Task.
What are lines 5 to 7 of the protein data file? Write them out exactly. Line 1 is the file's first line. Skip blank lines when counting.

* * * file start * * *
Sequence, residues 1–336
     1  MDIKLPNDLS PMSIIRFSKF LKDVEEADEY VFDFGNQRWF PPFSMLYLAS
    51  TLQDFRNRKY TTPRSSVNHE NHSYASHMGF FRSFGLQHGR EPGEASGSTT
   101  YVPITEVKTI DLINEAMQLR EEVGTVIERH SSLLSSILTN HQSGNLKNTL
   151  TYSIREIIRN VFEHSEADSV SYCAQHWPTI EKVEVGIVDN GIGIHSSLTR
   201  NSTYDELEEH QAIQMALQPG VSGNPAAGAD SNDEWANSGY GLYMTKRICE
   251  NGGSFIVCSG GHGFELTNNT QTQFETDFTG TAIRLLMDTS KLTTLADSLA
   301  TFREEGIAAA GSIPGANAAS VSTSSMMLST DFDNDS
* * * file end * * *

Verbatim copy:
   151  TYSIREIIRN VFEHSEADSV SYCAQHWPTI EKVEVGIVDN GIGIHSSLTR
   201  NSTYDELEEH QAIQMALQPG VSGNPAAGAD SNDEWANSGY GLYMTKRICE
   251  NGGSFIVCSG GHGFELTNNT QTQFETDFTG TAIRLLMDTS KLTTLADSLA